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Feds: Traditional probe used in Ill. terror case

Published: Thursday, June 13, 2013 1:46 p.m. CDT • Updated: Thursday, June 13, 2013 1:47 p.m. CDT
This undated photo provided by the U.S. Marshal's office shows Adel Daoud, of Hillside, Ill. Daoud is charged with terrorism for allegedly trying to set off what he thought was a car bomb Sept. 14, 2012, near a downtown Chicago bar. In a filing in U.S. District Court late Wednesday, June 12, 2013, in Chicago, the government denied a defense contention that prosecutors may have used a 2008 amendment expanding the scope of a foreign intelligent law to charge the 19-year-old Daoud. The government filing says investigators relied on pre-2008 provisions. He remains jailed in Chicago awaiting trial, which is set for Feb. 3. (AP Photo/U.S. Marshal's office)

CHICAGO – Prosecutors haven't denied that an expanded U.S. phone and internet surveillance program triggered an investigation that led to terrorism charges against a Chicago-area teenager, a defense attorney said Thursday.

Thomas Durkin told a federal judge that he needs to know how the government compiled evidence against Adel Daoud, resulting in charges that he tried to set off what he thought was a car bomb next to a Chicago bar.

In a late Wednesday filing in U.S. District Court in Chicago, prosecutors indicated that the evidence against the 19-year-old U.S. citizen was gathered using traditional methods, though they offered no details.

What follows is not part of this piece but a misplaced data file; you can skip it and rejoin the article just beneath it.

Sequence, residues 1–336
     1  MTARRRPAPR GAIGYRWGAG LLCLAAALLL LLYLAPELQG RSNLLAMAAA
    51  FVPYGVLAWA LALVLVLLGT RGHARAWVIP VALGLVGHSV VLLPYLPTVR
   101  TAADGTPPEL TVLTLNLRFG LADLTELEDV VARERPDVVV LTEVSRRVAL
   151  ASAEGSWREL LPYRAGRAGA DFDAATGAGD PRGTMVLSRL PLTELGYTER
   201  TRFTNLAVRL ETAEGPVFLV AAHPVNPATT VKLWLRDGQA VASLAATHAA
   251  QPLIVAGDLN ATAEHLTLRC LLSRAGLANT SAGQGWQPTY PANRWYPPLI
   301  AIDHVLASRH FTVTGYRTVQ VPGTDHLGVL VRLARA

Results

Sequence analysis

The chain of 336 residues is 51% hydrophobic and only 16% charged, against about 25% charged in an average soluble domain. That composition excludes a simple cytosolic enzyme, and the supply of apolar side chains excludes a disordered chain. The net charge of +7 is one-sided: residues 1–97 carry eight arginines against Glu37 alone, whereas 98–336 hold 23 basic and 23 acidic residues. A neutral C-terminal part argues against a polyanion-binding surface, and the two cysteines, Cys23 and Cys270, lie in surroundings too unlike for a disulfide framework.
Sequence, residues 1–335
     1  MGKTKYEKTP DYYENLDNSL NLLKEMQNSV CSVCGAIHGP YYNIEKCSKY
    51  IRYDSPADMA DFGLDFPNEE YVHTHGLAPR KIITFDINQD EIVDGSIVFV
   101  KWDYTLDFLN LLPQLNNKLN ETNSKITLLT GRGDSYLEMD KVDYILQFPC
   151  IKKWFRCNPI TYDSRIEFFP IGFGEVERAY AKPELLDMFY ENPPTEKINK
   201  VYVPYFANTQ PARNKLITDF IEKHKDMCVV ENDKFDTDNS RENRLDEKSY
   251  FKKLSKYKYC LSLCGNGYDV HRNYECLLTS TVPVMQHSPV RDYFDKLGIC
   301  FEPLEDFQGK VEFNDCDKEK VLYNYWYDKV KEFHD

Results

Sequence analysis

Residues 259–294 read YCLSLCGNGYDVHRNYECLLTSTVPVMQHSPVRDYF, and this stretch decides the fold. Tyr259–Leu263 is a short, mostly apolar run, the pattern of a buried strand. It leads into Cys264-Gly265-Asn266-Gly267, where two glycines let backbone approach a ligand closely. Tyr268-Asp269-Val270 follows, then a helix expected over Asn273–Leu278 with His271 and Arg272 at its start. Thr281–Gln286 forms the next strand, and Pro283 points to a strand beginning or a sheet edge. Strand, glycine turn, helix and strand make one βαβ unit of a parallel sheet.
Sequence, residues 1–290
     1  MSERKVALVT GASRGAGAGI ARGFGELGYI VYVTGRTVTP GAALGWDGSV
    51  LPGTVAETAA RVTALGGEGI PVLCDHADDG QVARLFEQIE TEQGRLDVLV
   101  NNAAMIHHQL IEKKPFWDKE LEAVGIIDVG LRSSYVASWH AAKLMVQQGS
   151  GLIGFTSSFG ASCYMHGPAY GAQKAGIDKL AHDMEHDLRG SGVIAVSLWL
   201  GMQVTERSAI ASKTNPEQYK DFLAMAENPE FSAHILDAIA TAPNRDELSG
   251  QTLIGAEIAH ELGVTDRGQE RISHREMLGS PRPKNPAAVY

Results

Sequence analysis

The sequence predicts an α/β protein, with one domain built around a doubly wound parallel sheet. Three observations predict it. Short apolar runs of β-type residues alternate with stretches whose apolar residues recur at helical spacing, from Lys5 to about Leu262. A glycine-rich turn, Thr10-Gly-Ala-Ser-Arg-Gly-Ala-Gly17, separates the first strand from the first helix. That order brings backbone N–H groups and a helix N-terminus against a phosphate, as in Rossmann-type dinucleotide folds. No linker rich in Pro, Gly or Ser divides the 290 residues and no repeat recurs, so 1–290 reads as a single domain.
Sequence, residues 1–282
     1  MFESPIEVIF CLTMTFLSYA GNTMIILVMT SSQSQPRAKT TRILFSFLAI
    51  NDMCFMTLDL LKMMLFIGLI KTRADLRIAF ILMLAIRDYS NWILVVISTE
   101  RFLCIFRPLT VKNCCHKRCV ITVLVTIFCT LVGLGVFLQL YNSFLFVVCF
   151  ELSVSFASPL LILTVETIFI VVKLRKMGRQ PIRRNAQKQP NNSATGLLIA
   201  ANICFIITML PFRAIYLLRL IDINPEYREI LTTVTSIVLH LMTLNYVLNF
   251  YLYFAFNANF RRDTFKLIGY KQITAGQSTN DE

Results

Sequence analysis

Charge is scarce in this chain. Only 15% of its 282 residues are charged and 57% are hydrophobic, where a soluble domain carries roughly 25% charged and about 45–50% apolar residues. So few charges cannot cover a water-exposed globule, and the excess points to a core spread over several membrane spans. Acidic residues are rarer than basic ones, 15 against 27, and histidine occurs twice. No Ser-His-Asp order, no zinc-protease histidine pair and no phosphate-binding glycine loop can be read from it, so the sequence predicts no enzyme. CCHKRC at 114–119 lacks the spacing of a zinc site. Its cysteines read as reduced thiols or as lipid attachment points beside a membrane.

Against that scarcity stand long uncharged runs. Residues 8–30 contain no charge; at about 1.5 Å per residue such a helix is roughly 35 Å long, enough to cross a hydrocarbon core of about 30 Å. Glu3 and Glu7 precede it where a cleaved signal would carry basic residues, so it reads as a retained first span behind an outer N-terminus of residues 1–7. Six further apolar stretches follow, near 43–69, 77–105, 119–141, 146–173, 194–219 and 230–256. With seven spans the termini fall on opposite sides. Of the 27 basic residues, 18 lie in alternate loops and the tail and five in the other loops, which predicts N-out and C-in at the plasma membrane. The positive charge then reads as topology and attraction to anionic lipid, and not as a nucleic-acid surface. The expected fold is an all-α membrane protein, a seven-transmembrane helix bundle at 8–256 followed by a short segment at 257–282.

A spokesman for the U.S. Attorney's Office in Chicago, Randall Samborn, declined to comment on the filing.

The vastly expanded surveillance program, revealed in a leak by a former CIA employee last week, has stirred debate over personal privacy rights versus national security needs.

But Durkin said the language of the filing suggests that the expanded spying program may have triggered an initial investigation into Daoud. He said he would continue to press for more clarity from the government.

"We're not done on this," he said Thursday, adding that the judge overseeing the case would have to rule at some point on the defense request for more detail.

Durkin has said authorities may have singled out Daoud only after surveillance data indicated he viewed the online Inspire magazine, produced by al-Qaida affiliates. Daoud has claimed he viewed the material as part of work on a high-school term paper.

If he learns the surveillance program kick-started an investigation, Durkin has said he could ask a higher court — possibly the U.S. Supreme Court — to have the case thrown out on constitutional grounds.

"Anyone who is concerned with civil liberties in this country should want the Supreme Court to visit (the expanded surveillance program) and rule on its the constitutionality," he said earlier this week.

Daoud, of Hillside, was arrested last year in what authorities described as an FBI sting, during which they said the public was never in danger. Daoud has pleaded not guilty and remains jailed in Chicago as he awaits trial, which is set to begin Feb. 3.

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